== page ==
The Space-Filling Efficiency of Urban Form in Izmir: A Historical Perspective Using GIS and Fractal Dimension April 29 th – 30 th, 2011 9 th Meeting of AESOP Thematic Group on “Complexity and Planning” “Self-Organizing and Spatial Planning” Istanbul, TURKEY Gizem Erdoğan, Mc. P Department of City and Regional Planning Pamukkale University Denizli, Turkey K. Mert Cubukcu, Ph. D Department of City and Regional Planning Dokuz Eylul University Izmir, Turkey
Background “Clouds are not spheres, mountains are not cones, coastlines are not circles, and bark is not smooth, nor does lightning travel in a straight line. ” Mandelbrot (1983)
Background First introduction of fractals by Mandelbrot (1977) meaning: “irregular and fragmented patterns around us, (…) a new geometry of nature”
Background Fractal Dimension (developed by Hausdorff, 1913 and Besicovitch): D, is a statistical quantity that gives an indication of how completely a fractal appears to fill space.
Background Fractals are spatial objects whose geometric characteristics include scale dependence, irregularity, and self-similarity (Shen, 2002)
Background Fractal dimensions of the built-up urban areas is an efficient gateway for describing the urban spatial system and the urban morphology. Spatial fractal theory could be used to analyze the urban physical form and growth processes.
Literature Recent research has demonstrated that the urban form can not be fully described by Euclidean geometry, but rather be treated as fractals (Batty and Longley, 1987; Benguigui and Daoud, 1991; Batty and Xie, 1996; 1999; Shen 1997; 2002). Fractal dimension can avoid disadvantage of scale.
Literature The fractal dimension is expected to increase as the city becomes increasingly dense, using the space more efficiently (Ball, 2004).
Literature The efficiency of urban form can well be measured using fractal dimensions of the built-up urban areas. Fractal Dimension, D, is not a whole number and it is usually between 1 and 2. 1 2 less efficient space filling more efficient space filling
Literature Batty and Longley, for example, shows that the fractal dimension of London has increased from 1. 32 to 1. 79 between the years 1820 and 1962, indicating a better form of spatial organization and more efficient spacefilling. Lee (1989) analyzed the relationship between urban population and built-up areas in the U. S. in 1960, 1970, and 1980. Çubukçu and Çubukçu (2009), analyzed space-filling efficiency of Safranbolu, Turkey in time series in 1976 and 2007 as 1. 712 and 1. 80 respectively.
Aim To examine the urban space-filling efficiency of a Izmir Metropolitan Area, Turkey, using fractal dimension for five different time periods including 1951, 1963, 1987, 1996 and 2000 using GIS.
Data Izmir is Turkey's third most populous city with 3. 370. 866 (TUİK, 2010) with over 3, 500 years of recorded urban history. and the country's second-largest port city after Istanbul. İzmir has a typical urban growth pattern as an example for Turkey urbanization history where reconstruction was not common until the 1950 s.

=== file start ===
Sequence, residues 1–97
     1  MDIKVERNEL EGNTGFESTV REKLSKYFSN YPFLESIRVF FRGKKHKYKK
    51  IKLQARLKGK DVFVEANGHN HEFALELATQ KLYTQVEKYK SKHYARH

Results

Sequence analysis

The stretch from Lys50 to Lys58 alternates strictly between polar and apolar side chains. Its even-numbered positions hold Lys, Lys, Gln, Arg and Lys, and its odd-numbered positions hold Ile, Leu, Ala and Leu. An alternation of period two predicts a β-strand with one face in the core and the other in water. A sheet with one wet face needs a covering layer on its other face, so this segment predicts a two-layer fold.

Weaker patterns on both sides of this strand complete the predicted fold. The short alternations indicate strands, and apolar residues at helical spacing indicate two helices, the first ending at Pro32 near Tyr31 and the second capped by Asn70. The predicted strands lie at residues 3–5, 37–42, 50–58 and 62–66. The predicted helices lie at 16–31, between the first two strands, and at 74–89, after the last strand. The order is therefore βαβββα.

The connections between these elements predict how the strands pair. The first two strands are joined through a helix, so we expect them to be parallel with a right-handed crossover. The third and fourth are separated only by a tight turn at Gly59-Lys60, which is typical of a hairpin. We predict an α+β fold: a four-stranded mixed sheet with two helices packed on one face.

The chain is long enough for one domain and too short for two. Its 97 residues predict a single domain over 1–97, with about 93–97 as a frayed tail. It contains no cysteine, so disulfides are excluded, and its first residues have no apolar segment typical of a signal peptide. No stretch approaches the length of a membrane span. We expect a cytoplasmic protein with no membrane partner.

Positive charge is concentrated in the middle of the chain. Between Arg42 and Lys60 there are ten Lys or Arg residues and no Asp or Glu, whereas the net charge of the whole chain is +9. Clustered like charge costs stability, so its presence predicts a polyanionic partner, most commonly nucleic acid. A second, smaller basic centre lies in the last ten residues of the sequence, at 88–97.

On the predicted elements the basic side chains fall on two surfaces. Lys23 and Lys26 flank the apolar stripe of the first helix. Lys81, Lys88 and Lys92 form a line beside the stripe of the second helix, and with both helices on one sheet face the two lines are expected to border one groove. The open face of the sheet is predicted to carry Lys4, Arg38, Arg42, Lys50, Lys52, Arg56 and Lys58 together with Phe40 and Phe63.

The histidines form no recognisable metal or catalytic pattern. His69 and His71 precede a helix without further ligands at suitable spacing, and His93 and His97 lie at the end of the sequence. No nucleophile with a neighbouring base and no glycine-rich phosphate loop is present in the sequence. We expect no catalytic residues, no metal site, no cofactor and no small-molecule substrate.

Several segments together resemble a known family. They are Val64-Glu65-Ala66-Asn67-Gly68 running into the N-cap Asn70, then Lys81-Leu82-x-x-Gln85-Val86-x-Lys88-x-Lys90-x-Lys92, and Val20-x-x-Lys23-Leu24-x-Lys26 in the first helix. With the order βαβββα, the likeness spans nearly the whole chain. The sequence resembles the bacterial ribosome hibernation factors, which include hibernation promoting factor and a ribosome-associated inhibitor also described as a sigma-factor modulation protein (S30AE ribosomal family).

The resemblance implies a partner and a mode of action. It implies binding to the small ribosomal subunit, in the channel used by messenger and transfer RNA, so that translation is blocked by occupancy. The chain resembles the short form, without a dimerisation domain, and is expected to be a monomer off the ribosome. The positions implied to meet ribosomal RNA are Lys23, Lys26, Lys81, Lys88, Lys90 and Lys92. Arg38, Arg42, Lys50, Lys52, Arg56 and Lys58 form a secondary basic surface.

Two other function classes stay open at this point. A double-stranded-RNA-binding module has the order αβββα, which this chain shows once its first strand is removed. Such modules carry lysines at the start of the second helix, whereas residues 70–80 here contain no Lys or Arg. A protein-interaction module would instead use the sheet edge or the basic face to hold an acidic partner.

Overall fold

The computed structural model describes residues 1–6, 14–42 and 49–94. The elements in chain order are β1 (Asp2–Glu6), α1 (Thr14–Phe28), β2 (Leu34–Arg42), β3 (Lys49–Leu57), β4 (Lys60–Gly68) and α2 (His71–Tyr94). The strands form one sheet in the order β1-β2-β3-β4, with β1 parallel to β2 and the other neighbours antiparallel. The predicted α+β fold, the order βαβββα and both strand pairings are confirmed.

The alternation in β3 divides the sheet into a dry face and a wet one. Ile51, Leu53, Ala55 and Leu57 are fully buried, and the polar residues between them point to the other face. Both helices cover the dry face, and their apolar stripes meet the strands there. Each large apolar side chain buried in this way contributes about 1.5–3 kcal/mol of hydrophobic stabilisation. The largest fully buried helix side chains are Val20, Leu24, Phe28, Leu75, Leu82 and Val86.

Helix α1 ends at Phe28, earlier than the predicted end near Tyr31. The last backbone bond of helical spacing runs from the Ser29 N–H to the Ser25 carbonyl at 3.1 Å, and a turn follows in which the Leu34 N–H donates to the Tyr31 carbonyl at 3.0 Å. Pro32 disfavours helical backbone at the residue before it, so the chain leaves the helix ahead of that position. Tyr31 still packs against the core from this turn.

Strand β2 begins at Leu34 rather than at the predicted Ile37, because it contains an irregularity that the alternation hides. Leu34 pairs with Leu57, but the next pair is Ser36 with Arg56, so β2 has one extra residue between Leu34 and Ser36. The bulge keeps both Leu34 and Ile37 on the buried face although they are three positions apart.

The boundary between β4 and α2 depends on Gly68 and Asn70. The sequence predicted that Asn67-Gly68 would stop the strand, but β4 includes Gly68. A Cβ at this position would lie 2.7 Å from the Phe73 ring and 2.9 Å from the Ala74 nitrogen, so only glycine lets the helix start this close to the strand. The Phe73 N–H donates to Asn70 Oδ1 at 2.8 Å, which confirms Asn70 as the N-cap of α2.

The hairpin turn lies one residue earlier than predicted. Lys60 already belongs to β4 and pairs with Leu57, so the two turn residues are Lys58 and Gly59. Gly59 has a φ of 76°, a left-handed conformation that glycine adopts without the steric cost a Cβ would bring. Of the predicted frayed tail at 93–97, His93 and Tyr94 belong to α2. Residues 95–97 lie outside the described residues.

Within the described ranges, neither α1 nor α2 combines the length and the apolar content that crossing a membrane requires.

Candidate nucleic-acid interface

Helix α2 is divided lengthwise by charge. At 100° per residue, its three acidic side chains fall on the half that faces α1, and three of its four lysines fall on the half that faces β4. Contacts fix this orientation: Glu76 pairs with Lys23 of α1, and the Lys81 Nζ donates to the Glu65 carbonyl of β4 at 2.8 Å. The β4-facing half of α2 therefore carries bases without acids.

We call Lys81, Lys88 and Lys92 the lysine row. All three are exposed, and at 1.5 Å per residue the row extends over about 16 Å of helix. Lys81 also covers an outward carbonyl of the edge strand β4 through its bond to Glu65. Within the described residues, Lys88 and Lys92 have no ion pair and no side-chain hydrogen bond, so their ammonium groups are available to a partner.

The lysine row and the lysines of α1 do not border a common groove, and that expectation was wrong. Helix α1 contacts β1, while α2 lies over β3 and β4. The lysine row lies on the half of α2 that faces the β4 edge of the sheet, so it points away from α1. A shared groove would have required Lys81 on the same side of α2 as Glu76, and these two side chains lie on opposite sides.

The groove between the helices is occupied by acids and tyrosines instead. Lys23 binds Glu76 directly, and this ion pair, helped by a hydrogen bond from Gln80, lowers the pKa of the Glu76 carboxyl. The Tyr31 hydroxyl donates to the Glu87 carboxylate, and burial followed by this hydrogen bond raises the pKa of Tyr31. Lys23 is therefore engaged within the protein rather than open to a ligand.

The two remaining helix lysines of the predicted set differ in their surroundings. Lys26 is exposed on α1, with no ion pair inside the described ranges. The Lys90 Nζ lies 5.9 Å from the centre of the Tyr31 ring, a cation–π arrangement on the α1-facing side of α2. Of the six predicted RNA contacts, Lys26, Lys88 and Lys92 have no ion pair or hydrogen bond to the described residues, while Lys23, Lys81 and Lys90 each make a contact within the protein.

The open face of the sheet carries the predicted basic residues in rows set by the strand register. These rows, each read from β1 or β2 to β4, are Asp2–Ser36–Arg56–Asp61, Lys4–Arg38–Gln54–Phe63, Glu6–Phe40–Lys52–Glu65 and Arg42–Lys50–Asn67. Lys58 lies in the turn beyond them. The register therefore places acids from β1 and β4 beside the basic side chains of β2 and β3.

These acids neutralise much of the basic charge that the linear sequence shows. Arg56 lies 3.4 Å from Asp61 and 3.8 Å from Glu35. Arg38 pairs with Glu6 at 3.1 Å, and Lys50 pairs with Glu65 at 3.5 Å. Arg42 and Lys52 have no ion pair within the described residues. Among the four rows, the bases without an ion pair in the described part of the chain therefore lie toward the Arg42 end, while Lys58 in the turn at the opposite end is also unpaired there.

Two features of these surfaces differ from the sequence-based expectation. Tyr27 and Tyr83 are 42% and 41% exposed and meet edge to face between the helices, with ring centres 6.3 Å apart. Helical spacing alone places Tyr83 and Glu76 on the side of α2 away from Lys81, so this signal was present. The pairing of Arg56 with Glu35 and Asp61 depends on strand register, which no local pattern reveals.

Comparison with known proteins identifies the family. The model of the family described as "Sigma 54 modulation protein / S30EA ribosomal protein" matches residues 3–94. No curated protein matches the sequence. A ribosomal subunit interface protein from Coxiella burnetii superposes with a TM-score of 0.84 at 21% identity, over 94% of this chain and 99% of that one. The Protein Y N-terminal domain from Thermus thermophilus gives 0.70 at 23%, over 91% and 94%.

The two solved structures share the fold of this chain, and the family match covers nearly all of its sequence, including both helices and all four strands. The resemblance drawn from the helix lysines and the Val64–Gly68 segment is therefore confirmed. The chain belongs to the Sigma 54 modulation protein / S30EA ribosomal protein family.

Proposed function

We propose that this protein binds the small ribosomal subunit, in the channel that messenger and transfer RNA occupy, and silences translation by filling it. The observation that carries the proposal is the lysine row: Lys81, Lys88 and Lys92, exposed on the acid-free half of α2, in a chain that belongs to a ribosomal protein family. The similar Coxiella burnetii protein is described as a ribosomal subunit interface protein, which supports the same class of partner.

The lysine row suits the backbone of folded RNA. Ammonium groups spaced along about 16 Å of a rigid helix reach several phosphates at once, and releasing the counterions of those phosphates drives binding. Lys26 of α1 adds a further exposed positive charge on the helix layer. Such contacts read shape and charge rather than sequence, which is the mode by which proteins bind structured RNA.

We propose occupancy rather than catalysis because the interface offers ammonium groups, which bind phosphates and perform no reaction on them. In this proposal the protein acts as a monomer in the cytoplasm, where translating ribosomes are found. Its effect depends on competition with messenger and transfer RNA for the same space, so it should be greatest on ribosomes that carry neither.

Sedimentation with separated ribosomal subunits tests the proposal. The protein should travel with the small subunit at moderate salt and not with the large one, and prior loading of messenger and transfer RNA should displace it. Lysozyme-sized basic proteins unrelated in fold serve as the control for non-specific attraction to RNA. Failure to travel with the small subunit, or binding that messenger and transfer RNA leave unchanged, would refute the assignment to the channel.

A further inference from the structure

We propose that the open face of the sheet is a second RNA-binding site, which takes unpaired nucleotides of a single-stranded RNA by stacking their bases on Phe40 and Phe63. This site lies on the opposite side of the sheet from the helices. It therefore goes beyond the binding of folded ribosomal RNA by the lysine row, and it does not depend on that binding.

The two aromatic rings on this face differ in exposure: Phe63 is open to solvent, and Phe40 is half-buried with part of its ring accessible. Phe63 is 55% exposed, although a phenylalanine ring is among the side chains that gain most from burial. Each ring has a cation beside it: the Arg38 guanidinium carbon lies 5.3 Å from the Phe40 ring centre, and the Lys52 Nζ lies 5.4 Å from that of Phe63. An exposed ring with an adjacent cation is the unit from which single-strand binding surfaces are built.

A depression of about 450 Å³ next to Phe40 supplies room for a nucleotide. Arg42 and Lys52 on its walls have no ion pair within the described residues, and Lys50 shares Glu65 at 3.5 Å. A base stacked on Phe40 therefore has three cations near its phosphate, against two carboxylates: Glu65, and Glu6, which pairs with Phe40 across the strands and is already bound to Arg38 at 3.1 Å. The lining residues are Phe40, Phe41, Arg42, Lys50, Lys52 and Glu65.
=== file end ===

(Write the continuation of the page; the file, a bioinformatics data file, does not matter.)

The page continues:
Data The data is collected for the İzmir Metropoliten Area for the years 1951, 1963, 1996 and 2000. The data used in the study were derived from the digital and hardcopy aerial photographs and satellite images available from the Municipality of Izmir. Map of 1987 is from Landsat 5 (1, 2, 3), map of 1996 from Landsat 7 (1, 2, 3).
Data is: l scaled l georeferenced l vectorized l Re-rasterized Using Photohop version 6, and then scaled, registered, and vectorized using GIS software, Arc. GIS 9. Calculated using fractal analysis software, Fractalyse.
Analysis Following Batty and Longley (1994) and Shen (1997) and Çubukçu (2009), the box-counting method is applied to estimate fractal dimensions for the five time periods. Box-counting method compute the number of cells cover an object, with grid size and repeat the process changing the box size to obtain a dataset. Regular grid over an object and by counting the number of occupied cells.
Analysis The estimated fractal dimension D is derived by estimated slope of the log(n(s)) and log(1/s) graph (Shen, 2002): log(n(s)) = log(U) + Dlog(1/s) + εs D : fractal dimension log(U) : constant (U is builted area) s : the box size εs : the error term
Analysis log(n(s)) D = slope log(1/s)
Conclusion The results are parallel to the claims in the literature. The city of İzmir has moved from a less efficient spatial organization and space-filling to a more efficient one between the years 1960 and 2000. The fall from 1, 585 to 1, 449 between 1951 and 1963 can be explained by the first urban spill over as a result of rural to urban migration in the 1950 s.
Caveats l l Data for the years 1951 and 2000 are applied. More time periods (especially 1963 and 1996) should be considered. Methods other than box counting should be applied to generalize resutls.